AD: Being promoted to President of Schellman & Company is definitely up there. That was memorable, not because of the hard work and dedication it took to get here, but because of the proud look in my parents’ eyes. My family never cared how much I money I made, or how much recognition I gained—they only cared that I committed to better myself and those around me in a field I found satisfying. They cared that I worked to push myself to the forefront, craved innovation, and chose to be a leader. My father and grandfather would say, “a family dedicated to the pursuit of knowledge will always be wealthier than those dedicated to the pursuit of profit. Money will come and go, but knowledge can never be taken.” Still, having immigrated to the U.S in the 1970s, they never anticipated that they would see one of their daughters take on this role.
It was also memorable for my children. I always worry that my responsibilities and the attached time away hurt them, but having reached this point, I know my work sets a positive example for them. I want my daughter, Sareena, to know that her opportunities are limitless, and for my son Sahil to never underestimate women’s capabilities.
Q: What’s one lesson you’ve learned in your career that you can share with our audience?
AD: Don’t ever become stagnant, even if you remain in the same industry, company, or job. It’s easy to become complacent, but because everything changes so quickly, you must be capable of reinventing yourself every 10 years, so you don’t become obsolete. Constantly challenging yourself helps.
Q: Which woman inspires you and why?
AD: My mom has always inspired me. She came to the United States in her 20s with $50 in her pocket and two young daughters, having left a familiar and more comfortable life. When they settled here, she worked long hours of manual labor to make sure her family had food on the table while serving as an unfailing pillar of reassurance, insisting to my dad that they’d made the right decision. I always look back in awe of the sacrifice my mother made and the strength she displayed. She, and the other immigrant women who have done the same, braving the seemingly impossible to change the destiny of their children’s lives, live as constant motivation for me.
Q: What are some of the challenges you feel women face today?
AD: One definite challenge is the “mental load” that working women have. It’s a running joke in my family that I am always doing multiple things--my husband can’t understand how I can have 20 windows open in my browser, listen to a conference call, order dinner, and ask my children if their homework is done, all in the same moment. I know some call it the “third shift”—the planning, scheduling, negotiating, and problem-solving work that goes into running the business of your family, and regardless of the name, we all know that women have been penciled in the caregiver role since the beginning of time. But between working a regular shift at work and then taking on the “third shift” at home, something needs adjusting. Obviously, it’ll take time, but I think society should move toward a new division of tasks among the nuclear family in order to help spread the mental load.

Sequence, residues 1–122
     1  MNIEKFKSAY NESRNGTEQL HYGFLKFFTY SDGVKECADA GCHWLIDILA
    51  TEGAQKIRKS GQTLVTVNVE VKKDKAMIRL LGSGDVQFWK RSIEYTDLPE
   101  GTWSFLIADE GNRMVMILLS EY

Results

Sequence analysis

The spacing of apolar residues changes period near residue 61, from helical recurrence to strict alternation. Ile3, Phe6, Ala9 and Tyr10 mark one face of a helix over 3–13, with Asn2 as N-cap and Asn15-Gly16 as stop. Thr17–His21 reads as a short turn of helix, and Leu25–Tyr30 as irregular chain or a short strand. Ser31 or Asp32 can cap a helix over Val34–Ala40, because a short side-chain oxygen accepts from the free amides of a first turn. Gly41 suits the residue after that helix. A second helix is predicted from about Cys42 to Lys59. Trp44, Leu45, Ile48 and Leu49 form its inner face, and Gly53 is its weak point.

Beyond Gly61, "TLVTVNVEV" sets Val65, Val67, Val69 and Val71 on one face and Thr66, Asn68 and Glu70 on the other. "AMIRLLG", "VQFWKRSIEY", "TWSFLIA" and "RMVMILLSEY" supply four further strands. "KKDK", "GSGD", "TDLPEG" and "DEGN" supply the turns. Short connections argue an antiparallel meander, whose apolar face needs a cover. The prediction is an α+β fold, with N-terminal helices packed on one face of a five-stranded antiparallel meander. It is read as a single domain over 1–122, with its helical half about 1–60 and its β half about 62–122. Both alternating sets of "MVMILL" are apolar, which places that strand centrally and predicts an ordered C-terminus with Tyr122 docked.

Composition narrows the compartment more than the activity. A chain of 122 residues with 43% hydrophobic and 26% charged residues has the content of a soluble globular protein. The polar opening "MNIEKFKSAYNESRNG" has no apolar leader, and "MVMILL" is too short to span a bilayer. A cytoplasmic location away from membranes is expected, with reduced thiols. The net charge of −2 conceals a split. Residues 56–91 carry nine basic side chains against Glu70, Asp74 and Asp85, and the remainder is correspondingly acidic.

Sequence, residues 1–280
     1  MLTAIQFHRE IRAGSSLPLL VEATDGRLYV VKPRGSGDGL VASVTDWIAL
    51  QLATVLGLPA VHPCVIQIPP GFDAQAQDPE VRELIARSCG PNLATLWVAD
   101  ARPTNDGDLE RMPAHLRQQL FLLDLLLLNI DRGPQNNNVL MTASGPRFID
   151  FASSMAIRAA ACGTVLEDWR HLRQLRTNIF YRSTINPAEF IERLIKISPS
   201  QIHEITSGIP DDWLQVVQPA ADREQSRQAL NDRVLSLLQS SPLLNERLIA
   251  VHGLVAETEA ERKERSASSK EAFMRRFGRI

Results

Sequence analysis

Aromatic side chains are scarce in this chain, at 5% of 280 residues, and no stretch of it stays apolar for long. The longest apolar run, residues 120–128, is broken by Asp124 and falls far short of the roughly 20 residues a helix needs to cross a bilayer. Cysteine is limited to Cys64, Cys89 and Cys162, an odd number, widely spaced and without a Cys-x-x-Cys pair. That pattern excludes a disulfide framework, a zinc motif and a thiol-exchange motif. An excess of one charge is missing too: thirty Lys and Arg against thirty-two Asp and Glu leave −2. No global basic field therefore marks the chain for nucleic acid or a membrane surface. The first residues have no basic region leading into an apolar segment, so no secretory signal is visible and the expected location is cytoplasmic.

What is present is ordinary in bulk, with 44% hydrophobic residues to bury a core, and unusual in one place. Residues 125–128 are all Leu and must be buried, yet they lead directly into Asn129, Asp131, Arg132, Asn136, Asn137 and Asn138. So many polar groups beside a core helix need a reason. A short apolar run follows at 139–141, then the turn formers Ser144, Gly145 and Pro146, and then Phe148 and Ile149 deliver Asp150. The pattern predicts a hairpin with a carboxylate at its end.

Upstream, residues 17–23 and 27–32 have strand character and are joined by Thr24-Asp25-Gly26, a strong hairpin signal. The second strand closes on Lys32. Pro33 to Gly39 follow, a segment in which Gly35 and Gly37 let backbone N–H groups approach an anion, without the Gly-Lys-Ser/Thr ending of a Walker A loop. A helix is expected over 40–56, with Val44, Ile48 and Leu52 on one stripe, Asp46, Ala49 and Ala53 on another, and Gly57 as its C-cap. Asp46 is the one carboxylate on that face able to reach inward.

Q: What advice would you give to young women who want to succeed in the workplace?
AD: It takes hard work, dedication, and a certain tenacity. Nothing of value in life comes easy, so be prepared for a journey – that means the ups and the downs. But remember, the view at the top will certainly be worth it.
Q: What's your advice for women in male-dominated fields?
AD: Never try to change yourself to fit in. Your ideas are worth the same as everyone else’s.
Four Things About Avani Desai
1. How do you release stress?
Before the sun comes out and the family wakes up, I meet a friend at my local OrangeTheory gym. It is the perfect way to start the day and helps keep my stress levels down.
2. If you were a superhero, what would your special powers be?
The Power of Understanding Others. I may not be able to read minds or tell the future, but I can read when someone needs a break, a friend to listen to, or a pep talk. I value compassion, empathy, and sympathy, and a little of each can go an unexpectedly long way sometimes.
3. What app can’t you live without?
Wunderlist. I am a naturally chaotic person who has learned the art of organization through the assistance of technology. Task lists are a must for me to manage both work and my personal life.
4. What’s your favorite food to cook?
This reminds me of a funny story. It was around Mother’s Day 2019, and my daughter, age five, put together a poster called “All About My Mom” while at school. The poster featured all sorts of questions that she answered about me, as all the other students did while thinking of their mothers. All the moms were invited in to hear the teacher read out different posters, and it was our job to guess who the mom was from the answers each student had written. Well, one of the first questions was, “what does your mom like to cook?” My daughter’s answer was a dead giveaway--“my mom doesn’t cook, only my grandma cooks.” That is the absolute truth. My mother enjoys cooking for the extended family, and we’re very blessed to have her.